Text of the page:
It may be difficult to get some proposed reforms being promoted by the Illinois Municipal League through the state legislature, but it’s sure to intensify the debate on a variety of issues some say could save taxpayers money. Earlier this week the Illinois Municipal League put out their nine-measure package called “Moving Cities Forward.” The bills include things like making pass-through money for cities automatic during a budget impasse, allowing smaller cities to rework taxes and other regulations, and measures reforming binding arbitration for public safety jobs and even workers’ comp reforms. Longtime political observer Jim Nowlan says some of the proposals could be non-starters. “Certainly [Speaker Michael] Madigan is not wanting to give anything out that might look like a possible victory for Rauner,” Nowland said. David Yepsen from the Paul Simon Public Policy Institute at Southern Illinois University said it’s going to be a heavy lift, but it’s time to have the debate and “let’s get started.” Meanwhile it’s a mixed bag of support from Illinois lawmakers for the package from IML.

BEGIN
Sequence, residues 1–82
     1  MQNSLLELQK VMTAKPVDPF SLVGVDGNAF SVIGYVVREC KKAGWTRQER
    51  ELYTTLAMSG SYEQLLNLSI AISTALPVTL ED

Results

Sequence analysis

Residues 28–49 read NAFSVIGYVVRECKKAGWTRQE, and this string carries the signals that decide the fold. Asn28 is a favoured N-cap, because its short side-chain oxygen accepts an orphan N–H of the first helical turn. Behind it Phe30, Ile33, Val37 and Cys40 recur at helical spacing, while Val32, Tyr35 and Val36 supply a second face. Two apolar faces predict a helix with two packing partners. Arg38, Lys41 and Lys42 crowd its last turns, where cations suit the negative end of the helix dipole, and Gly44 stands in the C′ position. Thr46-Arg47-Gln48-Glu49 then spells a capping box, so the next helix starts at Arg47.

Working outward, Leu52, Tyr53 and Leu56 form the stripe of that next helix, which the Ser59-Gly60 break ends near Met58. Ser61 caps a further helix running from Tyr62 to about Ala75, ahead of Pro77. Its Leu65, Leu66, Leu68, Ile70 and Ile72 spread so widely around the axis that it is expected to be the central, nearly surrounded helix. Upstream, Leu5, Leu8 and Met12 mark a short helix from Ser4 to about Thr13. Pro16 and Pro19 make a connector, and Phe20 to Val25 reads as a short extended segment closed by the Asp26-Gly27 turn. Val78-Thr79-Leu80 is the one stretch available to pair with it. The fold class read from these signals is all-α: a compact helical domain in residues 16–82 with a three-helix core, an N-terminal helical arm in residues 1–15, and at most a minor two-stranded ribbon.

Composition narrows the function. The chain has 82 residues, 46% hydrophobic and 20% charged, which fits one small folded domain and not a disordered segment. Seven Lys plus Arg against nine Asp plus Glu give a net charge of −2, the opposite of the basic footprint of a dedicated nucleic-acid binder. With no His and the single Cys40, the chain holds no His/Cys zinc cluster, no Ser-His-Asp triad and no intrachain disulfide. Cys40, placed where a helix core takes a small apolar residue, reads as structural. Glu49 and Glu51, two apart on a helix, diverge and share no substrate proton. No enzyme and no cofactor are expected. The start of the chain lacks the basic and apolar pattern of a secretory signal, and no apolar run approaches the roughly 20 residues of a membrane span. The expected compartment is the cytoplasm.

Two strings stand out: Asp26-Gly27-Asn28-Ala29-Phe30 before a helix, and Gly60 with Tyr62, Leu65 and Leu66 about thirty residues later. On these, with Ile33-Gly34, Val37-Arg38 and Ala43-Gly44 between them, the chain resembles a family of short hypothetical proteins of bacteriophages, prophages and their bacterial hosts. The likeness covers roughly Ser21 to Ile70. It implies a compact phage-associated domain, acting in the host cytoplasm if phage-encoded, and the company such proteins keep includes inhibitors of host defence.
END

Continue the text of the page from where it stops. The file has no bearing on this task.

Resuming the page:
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Republican Senator Pamela Althoff, a former mayor of McHenry, said she supports several of the measures, including a measure to require binding arbitration for public safety jobs to include the financial health of cities before deciding on a contract. Another measure Althoff supports would combine pension funds for police and fire, something she said will help increase returns form a larger pool of money being invested. “There’s also the efficiency and the cost savings of having one overall entity managing all of those funds,” Althoff said. However, Democratic Representative Mike Smiddy said he supports the IML backed measure to lower the population threshold for which cities can change taxes and other regulations. “That’s a good thing and maybe they’ll be able to get on the right path without the state’s help,” Smiddy said. Both Althoff and Smiddy say both sides need to come together to find common ground on solutions to help local communities be more efficient for taxpayers. Of the nine measures, IML says automatic appropriation for pass-through money and changing the threshold for home rule status are the most important.